Rating: 3.5/5 stars
Genre: Paranormal, Mythology, Fantasy
Trickery was chaotic. And I haven't decided whether in a positive or negative way.
“It’s your own fault, Will. What did I tell you about walking?”
“That I should leave it to the experts.”
Willa Knight is a freaking disaster of epic, almost-get-impaled-burned-killed-on-a-daily-basis proportions. She lives in a world divided between sols, the superior beings that strive to become Gods when they die, and dwellers, their servants/slaves who are equal to dirt. And...that's pretty much all the world-building we get, at least in the first book of the series. Of course there are also the actual Gods, but the information concerning their whereabouts is scarce and mostly confusing. But I'll come back to this later. Our aforementioned protagonist finds herself in a precarious situation (well, more precarious than usual) when she is chosen to attend Blesswood Academy as a servant to eligible future Gods, and is assigned (by mistake, mind you) to take care of the Ab(b)curse* Brothers; Siret (call me Trickery), Yael (call me Persuasion), Arol (call me Seduction), Rome (call me Strength) and Coen (call me Pain), who are extraordinarily gorgeous and suck Willa into their divine world infused with super powers, devious Gods and secret missions. Sounds like a fun ride, doesn't it?
And it is a fun ride. The reason I picked Trickery (besides the cover) was the desire to read something similar to Demons at Deadnight by A.E. Kirk, and the truth is that the authors indeed delivered a lighthearted, entertaining story that makes you chuckle at Willa's precious inner monologues and penchant for nudity and disaster, and thus you inhale it in one sitting. Add to the mix mythology and rivalries between Gods and five seriously hot dudes, and that's the recipe for success. At least it should be, but sadly I am a tad underwhelmed.
Like I said before, the world-building needs further exploration. My brain hurt from the confusion over the country of Minatsol, its history and its origins. It wavered between high fantasy and urban fantasy, there were trains and shorts and then godlike powers and swords but no explanation regarding this world's creation, only some vague and inadequate references to the past. And then there is the mythology. It was utterly underdeveloped and weak; we know there are Gods with varied abilities (cue some random names), and that some prominent sols become gods, but the reason of the division between sols and dwellers is a mystery to be solved.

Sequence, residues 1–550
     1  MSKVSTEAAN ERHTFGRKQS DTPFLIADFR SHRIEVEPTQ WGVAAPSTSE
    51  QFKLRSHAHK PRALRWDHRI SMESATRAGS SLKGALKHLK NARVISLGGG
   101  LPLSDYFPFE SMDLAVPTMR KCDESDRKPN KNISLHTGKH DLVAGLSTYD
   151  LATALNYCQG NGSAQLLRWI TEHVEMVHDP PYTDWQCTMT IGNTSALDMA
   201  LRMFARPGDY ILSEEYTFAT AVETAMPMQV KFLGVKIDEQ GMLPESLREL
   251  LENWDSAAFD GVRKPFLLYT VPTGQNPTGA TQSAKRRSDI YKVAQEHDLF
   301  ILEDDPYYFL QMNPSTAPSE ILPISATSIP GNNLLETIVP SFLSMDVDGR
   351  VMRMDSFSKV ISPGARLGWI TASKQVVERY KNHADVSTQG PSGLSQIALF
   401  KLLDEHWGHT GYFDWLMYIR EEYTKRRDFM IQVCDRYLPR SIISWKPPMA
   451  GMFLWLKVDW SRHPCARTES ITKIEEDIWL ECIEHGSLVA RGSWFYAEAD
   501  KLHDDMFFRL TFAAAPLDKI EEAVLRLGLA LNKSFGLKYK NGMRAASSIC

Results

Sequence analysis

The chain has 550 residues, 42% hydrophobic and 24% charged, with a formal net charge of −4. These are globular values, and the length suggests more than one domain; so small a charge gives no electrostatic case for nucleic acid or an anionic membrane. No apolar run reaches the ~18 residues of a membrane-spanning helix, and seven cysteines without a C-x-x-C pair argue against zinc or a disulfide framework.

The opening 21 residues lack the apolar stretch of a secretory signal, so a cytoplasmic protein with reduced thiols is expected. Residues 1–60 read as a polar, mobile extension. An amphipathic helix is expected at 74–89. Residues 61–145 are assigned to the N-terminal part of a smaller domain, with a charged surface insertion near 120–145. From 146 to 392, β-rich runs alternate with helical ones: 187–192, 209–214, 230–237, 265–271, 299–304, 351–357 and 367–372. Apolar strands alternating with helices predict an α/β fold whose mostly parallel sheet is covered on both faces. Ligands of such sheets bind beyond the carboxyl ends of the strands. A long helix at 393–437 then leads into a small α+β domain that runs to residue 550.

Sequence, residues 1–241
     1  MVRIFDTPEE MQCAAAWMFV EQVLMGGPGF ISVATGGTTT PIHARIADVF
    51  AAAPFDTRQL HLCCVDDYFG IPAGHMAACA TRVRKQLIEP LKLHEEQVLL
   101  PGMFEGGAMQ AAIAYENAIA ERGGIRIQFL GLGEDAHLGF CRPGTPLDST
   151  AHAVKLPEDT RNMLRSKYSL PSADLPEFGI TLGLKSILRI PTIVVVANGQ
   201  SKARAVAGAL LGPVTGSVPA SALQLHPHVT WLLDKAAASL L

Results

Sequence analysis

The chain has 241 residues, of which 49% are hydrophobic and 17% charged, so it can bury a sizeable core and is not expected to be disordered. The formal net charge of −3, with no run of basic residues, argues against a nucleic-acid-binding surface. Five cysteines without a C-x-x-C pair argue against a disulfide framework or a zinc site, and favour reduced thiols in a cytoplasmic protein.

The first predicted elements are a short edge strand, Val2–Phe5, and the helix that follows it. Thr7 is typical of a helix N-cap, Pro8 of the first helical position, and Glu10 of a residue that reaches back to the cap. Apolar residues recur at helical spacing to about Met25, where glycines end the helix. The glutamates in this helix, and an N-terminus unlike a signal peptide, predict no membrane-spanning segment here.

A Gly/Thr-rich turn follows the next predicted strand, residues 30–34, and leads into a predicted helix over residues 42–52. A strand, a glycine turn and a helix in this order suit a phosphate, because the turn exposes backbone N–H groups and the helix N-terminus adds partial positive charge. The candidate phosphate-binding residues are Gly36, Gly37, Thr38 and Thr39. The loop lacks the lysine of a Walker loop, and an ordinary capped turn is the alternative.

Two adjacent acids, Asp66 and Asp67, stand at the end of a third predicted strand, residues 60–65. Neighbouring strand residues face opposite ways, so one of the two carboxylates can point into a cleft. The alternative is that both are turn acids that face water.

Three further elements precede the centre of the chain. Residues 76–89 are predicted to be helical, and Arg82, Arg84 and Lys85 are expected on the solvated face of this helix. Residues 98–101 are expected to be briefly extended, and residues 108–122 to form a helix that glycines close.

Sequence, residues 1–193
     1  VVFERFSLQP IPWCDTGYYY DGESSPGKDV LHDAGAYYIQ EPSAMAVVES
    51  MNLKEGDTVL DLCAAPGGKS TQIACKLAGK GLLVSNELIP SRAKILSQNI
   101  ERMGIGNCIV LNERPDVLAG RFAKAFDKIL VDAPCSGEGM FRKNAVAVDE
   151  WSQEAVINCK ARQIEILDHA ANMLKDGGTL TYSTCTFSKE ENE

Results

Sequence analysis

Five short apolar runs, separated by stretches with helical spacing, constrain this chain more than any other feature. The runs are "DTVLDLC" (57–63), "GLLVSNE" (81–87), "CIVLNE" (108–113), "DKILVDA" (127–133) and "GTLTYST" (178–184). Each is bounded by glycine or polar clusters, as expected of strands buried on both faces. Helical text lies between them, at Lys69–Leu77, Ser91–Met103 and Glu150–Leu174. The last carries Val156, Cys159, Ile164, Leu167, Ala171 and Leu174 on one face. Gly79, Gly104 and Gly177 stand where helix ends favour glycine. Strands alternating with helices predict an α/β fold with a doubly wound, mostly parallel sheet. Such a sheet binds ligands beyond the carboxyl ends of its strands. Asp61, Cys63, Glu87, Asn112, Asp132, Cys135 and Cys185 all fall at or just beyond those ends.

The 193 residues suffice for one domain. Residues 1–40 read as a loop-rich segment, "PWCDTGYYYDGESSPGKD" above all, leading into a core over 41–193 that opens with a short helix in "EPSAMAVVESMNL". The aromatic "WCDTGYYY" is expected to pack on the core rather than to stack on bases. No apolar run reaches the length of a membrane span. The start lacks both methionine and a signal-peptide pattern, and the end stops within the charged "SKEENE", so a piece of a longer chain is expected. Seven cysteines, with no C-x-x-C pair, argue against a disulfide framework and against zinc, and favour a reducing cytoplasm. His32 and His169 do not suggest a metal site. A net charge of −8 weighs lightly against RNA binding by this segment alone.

The second thing that bothered me was the Willa/boys relationship. I loved their dynamics and their banters, and frankly, I loved all the guys (even though I have a crush on Siret), but the tension, the angst and the sexually charged atmosphere between Willa and all of them was... cringe-worthy. I'd preferred it if she picked one, hell I'd even preferred a love triangle at this point, but being equally attracted to five brothers? And all of them attracted to her? I'm about to believe that all those raging hormones will lead to a kinky sex pentagon** hexagon and I'm not very comfortable with that idea.
Even though I expected something more, I recognize the potential for improvement in the following instalments, and I do recommend this series if you're up for mindless fun and some delicious eye-candy(ies)!
*Because having abbs like those (cue excessive drooling) is definitely a curse.
**Vote for Team Blake!